CW 50/2020: Who holds the power, can…
Press Review 5 December 2020 to 11 December 2020

Ghana’s president Nana Akufo-Addo re-elected

In Ghana’s presidential elections last Monday, incumbent Nana Akufo-Addo narrowly won with 51.59% of the vote. This enables the 76-year-old to commence his second four-year term as the West African country’s head of state. Opposition leader and former president, John Mahama, received 47.36% of the vote. Although the election results were announced two days after the ballot, the counting of the parliamentary election is still ongoing. Voter turnout stood at 79%, the same level that was present in 2012. A few polling stations opened late and there were isolated cases of vote rigging reported by the electoral commission. However, there were no major setbacks in the country’s 38,000 polling stations. Local and international election observers attested to transparent, free and fair elections. Nevertheless, Mahama, 62, did not immediately recognize the election results, stating that his party, the National Democratic Congress (NDC), had won a parliamentary majority. He accused Akufo-Addo of obtaining military assistance to sway the result in his favor. The government immediately denied the allegations. This is the third time in a row that the two candidates have faced one another in a presidential election. In 2012, Mahama narrowly won, and in the 2016 elections, Akufo-Addo succeeded as president with his New Patriotic Party (NPP). This year, a total of 12 candidates vied for the presidency, including Nana Konadu Agyeman-Rawlings, the widow of recently deceased former President Jerry John Rawlings. Since the constitutional amendment to multiparty democracy in 1992, Ghana has had seven elections with four peaceful transfers of power. The two main parties, the NPP and the NDC, always accepted the election results. Any disputes were settled through the courts.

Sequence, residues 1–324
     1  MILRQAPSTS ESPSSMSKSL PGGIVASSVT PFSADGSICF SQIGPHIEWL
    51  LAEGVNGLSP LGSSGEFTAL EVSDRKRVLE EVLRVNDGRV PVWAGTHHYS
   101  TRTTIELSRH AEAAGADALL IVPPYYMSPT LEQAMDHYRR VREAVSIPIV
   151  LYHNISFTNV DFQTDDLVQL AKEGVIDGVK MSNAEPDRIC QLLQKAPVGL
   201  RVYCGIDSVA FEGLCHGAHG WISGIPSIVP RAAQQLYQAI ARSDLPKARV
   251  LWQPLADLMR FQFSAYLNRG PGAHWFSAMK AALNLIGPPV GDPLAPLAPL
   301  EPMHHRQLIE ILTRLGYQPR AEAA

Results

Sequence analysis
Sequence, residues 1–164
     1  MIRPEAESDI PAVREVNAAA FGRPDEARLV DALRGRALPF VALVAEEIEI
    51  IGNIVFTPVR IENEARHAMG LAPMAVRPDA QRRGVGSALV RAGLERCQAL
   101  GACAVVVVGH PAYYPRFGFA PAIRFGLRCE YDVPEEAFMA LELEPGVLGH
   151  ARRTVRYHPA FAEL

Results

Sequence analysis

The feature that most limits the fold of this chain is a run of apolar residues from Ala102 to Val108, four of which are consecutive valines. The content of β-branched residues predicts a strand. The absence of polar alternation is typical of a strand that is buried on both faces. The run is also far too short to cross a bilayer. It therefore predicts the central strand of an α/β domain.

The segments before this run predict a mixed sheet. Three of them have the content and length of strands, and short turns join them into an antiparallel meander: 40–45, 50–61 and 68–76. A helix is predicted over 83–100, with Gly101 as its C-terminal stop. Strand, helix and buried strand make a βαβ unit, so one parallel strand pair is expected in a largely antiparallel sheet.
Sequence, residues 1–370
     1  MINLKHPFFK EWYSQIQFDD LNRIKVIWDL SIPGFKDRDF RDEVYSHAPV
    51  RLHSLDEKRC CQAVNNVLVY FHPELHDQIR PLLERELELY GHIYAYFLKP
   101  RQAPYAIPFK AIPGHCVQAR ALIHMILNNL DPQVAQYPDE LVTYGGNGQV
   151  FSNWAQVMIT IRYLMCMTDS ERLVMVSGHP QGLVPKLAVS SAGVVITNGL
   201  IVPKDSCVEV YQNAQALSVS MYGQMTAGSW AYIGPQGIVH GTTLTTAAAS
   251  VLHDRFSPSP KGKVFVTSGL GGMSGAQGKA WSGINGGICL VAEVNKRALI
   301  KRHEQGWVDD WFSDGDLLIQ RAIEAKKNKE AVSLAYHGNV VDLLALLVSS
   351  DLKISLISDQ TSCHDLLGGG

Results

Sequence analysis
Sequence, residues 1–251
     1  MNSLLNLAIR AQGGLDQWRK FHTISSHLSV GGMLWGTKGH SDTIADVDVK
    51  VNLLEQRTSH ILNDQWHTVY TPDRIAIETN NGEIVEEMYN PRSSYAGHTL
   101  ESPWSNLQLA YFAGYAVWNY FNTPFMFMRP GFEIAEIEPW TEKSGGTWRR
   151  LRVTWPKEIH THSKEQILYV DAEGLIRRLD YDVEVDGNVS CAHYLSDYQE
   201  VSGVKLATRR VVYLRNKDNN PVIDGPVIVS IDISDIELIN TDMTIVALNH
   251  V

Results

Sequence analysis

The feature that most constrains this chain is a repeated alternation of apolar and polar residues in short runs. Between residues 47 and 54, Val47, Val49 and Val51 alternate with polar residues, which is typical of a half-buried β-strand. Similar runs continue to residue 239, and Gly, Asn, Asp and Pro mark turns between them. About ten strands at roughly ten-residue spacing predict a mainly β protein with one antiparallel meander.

Tshisekedi announces end of ruling coalition in D.R. Congo

In the Democratic Republic of Congo, the struggle for power in the central African nation is significantly heating up. On Sunday, President Félix Tshisekedi announced the end of the governing coalition with the Front Commun pour le Congo (FCC), led by his predecessor Joseph Kabila, in a widely publicised speech. At the same time, he announced the appointment of an official to explore new options of possible governing coalitions. If no agreement can be reached, Tshisekedi wants to dissolve parliament and call new elections. However, even among experts it is unclear to what extent Tshisekedi would really take the risk of new elections. Given his disputed election, which is widely seen as a deal between him and Kabila, popular support for him and his party is considered questionable. The FCC, meanwhile, accuses Tshisekedi of breaking the constitution through this move of cutting ties with the coalition. Conflicts have been simmering for several months between Tshisekedi and his party, Cap pour le changement (CACH), on the one hand, and former President Kabila and the FCC on the other. Tshisekedi’s political course is heavily dependent on the approval of Kabila, whose party not only holds a two-thirds majority in parliament but also provides the prime minister. A series of high-profile arrests and corruption trials of officeholders from Kabila’s party carried out in 2020 are interpreted as a sign that Tshisekedi is seeking a change in the balance of power to gain leeway to implement his policies. Tshisekedi scored an important milestone victory on the road to a possible new governing coalition yesterday (Thursday). This occurred after CACH deputies, working with other parties, declared the speaker of the National Assembly, Jeanine Mabunda, who belongs to the Kabila camp, ousted out by a majority of 281 votes to 200.


In other news

In Senegal, pigeon racing, an unfamiliar sport in the country, is rapidly gaining popularity. In this sport, the birds compete against each other over various distances, with the winner being the one that returns in the quickest time-frame. Currently, there are about 350 pigeon racing fans throughout the West African country, most of whom are youths. The sport is not only a hobby, but also a source of income. A race can earn a pigeon trader the equivalent of a few hundred euros. However, pigeon racing is not for the faint-hearted. Pigeon breeding is a labor-intensive and time-consuming activity. Furthermore, pigeon-owners are required to feed and care for the birds from 7 a.m. before releasing them for training.

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